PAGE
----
What this does tell us is that we are reaching a point of convergence for may of the people on these teams, so that a Tester is not just a tester. Key takeaways from this session were on how to implement Acceptance Test Driven Development and Behavior Driven Development. Put your tests first and then code so you know what’s being covered. In addition, testers are NOT responsible for quality (the whole team is). Programmers do not code alone (everyone helps them understand what to code), and that the team needs the “right” roles and people (meaning we as testers may need to up our game to take part in these areas.
The next session was a talk about Weekend Testing and it was delivered by, well, me :). I have written extensively about this topic so I won’t recap the entire talk, but I will point out that the goal of this session was to encourage people to learn more about Weekend Testing and, in addition, learn how to bring the approach we used back to their own test teams. By all accounts I think it went really well. One funny comment. Apparently, because of my energy levels, people thought I was a consultant selling my services. They missed the several times I mentioned that Weekend Testing was a free endeavor. They kept waiting for me to say how much I charged, and still didn’t quite believe me when I finished the talk and didn’t say anything about charging for my services. Maybe giving away the SideReel swag was to blame, I don’t know.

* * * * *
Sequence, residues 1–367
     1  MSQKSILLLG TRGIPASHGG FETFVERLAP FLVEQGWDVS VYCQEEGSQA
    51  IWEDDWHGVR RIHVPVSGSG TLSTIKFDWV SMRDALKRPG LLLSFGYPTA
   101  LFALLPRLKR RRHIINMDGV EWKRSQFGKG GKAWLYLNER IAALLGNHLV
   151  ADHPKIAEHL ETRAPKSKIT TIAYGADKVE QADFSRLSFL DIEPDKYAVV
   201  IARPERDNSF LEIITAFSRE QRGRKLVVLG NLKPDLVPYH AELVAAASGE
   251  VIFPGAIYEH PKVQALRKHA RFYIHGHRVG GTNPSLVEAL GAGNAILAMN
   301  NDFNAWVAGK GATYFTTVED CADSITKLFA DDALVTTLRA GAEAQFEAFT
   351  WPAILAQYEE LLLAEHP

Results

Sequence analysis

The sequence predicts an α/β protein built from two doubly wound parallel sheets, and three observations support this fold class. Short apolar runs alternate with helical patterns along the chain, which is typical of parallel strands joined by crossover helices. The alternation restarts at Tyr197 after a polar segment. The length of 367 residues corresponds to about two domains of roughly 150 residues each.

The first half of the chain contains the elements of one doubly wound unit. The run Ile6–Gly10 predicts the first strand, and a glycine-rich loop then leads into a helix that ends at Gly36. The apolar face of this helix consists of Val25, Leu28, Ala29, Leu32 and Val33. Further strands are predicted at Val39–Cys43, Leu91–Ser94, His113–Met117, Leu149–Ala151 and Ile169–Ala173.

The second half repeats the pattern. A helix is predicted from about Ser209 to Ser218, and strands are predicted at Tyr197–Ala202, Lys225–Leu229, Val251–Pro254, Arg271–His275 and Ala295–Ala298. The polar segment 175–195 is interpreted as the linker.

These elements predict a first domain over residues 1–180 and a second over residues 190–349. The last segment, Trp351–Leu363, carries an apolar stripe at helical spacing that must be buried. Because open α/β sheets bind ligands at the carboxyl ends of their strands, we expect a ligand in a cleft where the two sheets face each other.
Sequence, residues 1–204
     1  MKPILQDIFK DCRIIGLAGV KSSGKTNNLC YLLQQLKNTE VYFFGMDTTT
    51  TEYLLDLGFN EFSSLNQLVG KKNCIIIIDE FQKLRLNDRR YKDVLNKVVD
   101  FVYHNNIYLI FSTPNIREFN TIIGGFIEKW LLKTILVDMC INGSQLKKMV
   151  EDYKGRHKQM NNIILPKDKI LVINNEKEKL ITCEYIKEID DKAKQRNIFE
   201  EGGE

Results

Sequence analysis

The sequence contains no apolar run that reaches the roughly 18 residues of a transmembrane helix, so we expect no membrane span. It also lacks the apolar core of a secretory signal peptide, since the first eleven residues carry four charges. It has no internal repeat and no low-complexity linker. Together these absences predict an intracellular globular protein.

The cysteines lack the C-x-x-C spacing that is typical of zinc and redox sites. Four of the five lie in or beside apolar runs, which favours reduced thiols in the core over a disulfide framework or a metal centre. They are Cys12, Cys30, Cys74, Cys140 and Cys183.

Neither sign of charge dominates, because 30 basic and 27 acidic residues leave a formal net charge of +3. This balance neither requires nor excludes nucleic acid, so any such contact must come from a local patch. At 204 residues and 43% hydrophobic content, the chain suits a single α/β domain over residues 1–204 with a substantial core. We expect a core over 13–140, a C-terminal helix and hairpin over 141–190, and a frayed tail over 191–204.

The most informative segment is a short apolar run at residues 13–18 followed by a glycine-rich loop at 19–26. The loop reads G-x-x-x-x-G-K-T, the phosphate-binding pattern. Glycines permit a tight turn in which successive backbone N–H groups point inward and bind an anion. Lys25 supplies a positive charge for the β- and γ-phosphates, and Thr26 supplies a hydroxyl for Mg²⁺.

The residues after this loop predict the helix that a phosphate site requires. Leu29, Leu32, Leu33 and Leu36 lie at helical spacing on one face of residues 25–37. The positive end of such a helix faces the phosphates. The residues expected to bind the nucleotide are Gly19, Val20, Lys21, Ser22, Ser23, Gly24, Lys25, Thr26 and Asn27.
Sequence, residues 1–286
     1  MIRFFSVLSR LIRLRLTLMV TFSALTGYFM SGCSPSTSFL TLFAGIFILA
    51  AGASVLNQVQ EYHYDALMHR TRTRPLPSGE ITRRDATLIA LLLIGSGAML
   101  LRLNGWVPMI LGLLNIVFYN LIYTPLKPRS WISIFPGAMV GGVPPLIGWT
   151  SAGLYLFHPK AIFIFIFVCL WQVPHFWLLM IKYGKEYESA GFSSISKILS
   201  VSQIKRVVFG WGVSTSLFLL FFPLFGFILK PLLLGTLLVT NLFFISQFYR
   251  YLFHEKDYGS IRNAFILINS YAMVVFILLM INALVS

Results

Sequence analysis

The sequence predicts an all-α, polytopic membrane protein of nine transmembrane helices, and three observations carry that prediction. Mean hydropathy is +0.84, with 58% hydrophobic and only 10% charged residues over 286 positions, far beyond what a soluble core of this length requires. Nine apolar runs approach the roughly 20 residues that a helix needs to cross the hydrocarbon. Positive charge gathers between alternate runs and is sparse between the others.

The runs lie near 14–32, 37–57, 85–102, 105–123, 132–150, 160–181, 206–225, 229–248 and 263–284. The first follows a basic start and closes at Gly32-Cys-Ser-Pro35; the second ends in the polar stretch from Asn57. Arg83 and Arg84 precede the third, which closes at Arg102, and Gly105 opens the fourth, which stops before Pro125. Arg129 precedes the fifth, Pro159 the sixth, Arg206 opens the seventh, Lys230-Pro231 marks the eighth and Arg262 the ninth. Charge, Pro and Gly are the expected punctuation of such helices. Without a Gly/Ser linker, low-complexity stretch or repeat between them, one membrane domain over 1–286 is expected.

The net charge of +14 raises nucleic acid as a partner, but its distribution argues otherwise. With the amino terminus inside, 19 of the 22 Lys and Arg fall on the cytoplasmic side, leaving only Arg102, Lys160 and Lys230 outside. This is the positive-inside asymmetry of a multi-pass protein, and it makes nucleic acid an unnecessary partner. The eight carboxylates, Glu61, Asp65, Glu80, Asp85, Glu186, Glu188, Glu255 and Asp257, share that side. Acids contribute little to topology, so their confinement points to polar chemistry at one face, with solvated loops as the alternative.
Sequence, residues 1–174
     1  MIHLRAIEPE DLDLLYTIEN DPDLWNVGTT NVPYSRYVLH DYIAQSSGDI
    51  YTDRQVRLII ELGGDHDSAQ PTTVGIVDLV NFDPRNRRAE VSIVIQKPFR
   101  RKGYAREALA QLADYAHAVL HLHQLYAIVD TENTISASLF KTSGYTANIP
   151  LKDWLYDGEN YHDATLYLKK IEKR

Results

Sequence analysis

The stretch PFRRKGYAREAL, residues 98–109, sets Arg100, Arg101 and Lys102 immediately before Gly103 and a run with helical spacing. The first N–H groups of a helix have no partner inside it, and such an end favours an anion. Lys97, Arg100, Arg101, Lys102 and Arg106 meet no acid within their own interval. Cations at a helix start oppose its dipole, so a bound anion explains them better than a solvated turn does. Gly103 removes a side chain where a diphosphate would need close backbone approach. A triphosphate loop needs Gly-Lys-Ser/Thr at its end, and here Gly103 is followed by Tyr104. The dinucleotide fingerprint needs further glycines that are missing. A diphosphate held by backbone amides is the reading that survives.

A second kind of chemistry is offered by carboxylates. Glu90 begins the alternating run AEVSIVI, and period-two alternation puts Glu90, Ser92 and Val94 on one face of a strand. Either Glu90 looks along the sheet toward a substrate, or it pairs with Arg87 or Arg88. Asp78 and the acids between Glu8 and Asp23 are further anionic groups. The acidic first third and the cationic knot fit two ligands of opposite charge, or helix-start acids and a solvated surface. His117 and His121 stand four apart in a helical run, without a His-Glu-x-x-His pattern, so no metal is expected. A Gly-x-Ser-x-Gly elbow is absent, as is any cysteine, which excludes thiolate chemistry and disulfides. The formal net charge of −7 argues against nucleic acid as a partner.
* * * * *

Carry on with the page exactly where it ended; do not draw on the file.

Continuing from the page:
I closed out the day by conducting an interview with Lanette Creamer for the STAREAST Virtual conference. I don’t know if that interview was just “live” and sent out over the ether, or if it was recorded and will be available later. Once I know, I’ll let you know.
The official day closed out with the ever popular “Lightning Strikes the Keynote” which is where 8-9 participants present their best ideas or most compelling content, one after another, and are only allowed 5 minutes each. It certainly kept the energy level high to do that, and made for an enjoyable series of talks.
While the sessions are definitely valuable, I have to say that I have found the best interactions to come with just talking with the other participants at times outside of sessions. Hey, imagine that, going to a conference to Confer, what a concept :). I’ve been greatly enjoying my discussions with Matt Barcomb of Lean Dog Consulting. We’ve been able to discuss a lot of aspects of challenges that Lone testers face, and what we can do to better interact with our teams. Oh yes, there will be blog posts on this forthcoming :).
Testers and tester games go together like, well, pick you favorite comparison, but it’s inevitable. I had the chance to work with James Bach, Griffin Jones and Michael Bolton on a few different challenges. Some were frustrating, each made me question how I approached things, and I was quite happy when I figured them out (and walked a couple of other testers through the exercises and saw their different approaches). In the end, I went to bed “way too late” but fully energized from the interactions. Now it’s time to see what Day 2 has in store. See you soon!